Murphy, Hesse, Toomey & Lehane Attorneys Find Favorable Decision for Swampscott Public Schools
Murphy, Hesse, Toomey and Lehane attorneys Mary Ellen Sowyrda, Doris Ehrens, and Felicia Vasudevan worked together in receiving a favorable decision for Swampscott at the BSEA and District Court. Mary Ellen handled the BSEA litigation, Doris Ehrens completed all of the pleadings in District Court, and Felicia Vasudevan delivered the oral argument.
Swampscott Public School (“Swampscott”), along with the Bureau of Special Education Appeals (“BSEA”) had an appeal filed against them (collectively, “Defendants”) by the Parents of a minor, G.D., requesting a summary judgement. Under the Individuals with Disabilities Education Act (“IDEA”), all schools are required to provide eligible students with a free and appropriate public education (“FAPE”). The Plaintiffs argued that Swampscott did not provide FAPEto the student, G.D, even after being evaluated and approved for special education services. The Parents held firm on their belief that G.D. needed to keep attending a private special education school. Murphy, Hesse, Toomey & Lehane, LLP, a firm that represents over one hundred school districts across Massachusetts, represented Swampscott in this litigation.
At age 7 G.D. was diagnosed with “a significant language-based learning disability, encompassing ‘double-deficit’ dyslexia and dysgraphia as well as some related difficulties with expressive language”. G.D. was evaluated and qualified for the special education services in Swampscott. The Parents, however, wanted to be reimbursed by Swampscott for G.D. tuition at a private school, as they did not believe Swampscott had the resources that G.D. needed to excel. Swampscott provided G.D. with an IEP, and began second grade at Swampscott in September 2017. The Hearing Officer stated “the overwhelming weight of the evidence is that Swampscott developed five successive IEPs that responded to Student’s special needs, increasing services as the extent of those needs became clearer.”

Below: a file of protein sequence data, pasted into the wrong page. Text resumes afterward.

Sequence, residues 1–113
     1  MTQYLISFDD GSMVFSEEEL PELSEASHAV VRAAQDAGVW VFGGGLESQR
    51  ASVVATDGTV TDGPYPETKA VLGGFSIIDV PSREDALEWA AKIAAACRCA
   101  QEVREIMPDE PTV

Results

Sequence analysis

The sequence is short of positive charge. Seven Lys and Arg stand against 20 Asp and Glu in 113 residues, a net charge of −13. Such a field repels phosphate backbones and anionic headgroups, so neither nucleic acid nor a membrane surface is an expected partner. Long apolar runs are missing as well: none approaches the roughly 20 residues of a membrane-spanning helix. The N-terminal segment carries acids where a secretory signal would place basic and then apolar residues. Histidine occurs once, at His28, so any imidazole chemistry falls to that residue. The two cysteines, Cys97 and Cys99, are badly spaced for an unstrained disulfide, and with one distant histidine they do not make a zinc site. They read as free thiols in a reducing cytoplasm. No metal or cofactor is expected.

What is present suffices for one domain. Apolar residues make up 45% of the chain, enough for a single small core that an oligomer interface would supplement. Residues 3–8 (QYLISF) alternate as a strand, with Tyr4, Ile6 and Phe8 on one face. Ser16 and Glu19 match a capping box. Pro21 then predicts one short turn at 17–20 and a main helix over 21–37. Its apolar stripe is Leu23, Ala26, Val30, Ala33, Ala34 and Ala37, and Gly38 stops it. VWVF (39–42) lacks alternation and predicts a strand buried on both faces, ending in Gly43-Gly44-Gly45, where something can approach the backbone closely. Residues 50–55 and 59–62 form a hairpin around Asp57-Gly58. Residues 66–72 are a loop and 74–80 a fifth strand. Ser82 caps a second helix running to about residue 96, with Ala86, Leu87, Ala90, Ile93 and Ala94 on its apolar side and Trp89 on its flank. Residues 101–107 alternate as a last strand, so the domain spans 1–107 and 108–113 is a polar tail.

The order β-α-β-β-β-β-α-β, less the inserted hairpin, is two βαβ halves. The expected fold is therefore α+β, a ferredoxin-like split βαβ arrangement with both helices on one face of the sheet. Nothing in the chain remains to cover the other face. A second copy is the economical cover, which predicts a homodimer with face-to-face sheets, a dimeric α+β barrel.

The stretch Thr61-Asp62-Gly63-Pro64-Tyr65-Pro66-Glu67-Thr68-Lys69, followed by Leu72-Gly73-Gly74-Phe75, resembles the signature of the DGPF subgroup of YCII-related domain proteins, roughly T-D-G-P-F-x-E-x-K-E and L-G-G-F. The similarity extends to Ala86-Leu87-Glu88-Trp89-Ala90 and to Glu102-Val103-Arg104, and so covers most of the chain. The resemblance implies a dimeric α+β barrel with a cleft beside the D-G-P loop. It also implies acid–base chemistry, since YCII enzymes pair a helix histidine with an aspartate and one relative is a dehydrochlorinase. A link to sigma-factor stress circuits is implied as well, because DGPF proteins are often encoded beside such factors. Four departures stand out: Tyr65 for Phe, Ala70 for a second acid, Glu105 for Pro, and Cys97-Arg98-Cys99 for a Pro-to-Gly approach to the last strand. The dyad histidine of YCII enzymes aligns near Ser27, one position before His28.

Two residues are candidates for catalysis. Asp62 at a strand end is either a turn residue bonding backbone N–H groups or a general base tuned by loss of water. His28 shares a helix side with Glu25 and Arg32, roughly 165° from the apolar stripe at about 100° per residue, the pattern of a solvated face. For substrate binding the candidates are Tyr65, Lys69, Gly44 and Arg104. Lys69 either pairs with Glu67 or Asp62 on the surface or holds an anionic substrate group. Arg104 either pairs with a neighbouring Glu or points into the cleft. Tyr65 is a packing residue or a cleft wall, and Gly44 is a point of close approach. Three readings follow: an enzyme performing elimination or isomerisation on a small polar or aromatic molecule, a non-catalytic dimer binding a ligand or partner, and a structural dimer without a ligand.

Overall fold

The Parents then argued that the Hearing Officer erred in the determination that G.D. was offered a FAPE by Swampscott, claiming that the student’s rate of gains did not satisfy the Endrew F. ex rel. Joseph F. v. Douglas Cty. Sch. Dist. RE-1 decision.,
The District Court concluded that the student’s progress in Swampscott was appropriate in light of the circumstances as the Hearing Officer held and denied the Plaintiff’s motion for summary judgement, finding for Swampscott and the BSEA.
Dr. Desmond’s first encounter with John Lewis was at the March on Washington for Jobs and Freedom in 1963. At just 18 years old he was one of roughly 250,000 people from across America who gathered at the nation’s capital to attend the infamous march where, on the steps of the Lincoln Memorial, Dr. Martin Luther King, Jr., delivered his emotional and prophetic “I Have a Dream” speech. Among other notables who spoke, Desmond recalls that a young, 23-year-old John Lewis delivered a moving and emotional call for racial and economic justice and passage of overdue civil rights legislation.
National Labor Relations Board Changes Legal Approach to Employee’s Use of Profane, Racist, and Sexually Harassing Speech in Protected Activity
On July 21, 2020, the National Labor Relations Board (“the Board”) changed its analysis towards an employee’s use of verbally offensive behavior in the context of protected activity under Section 7 of the National Labor Relations Act (“the Act” or “NLRA”) in the following decision: General Motors, LLC, No. 14-CA-197985, 369 NLRB No. 127 (2020).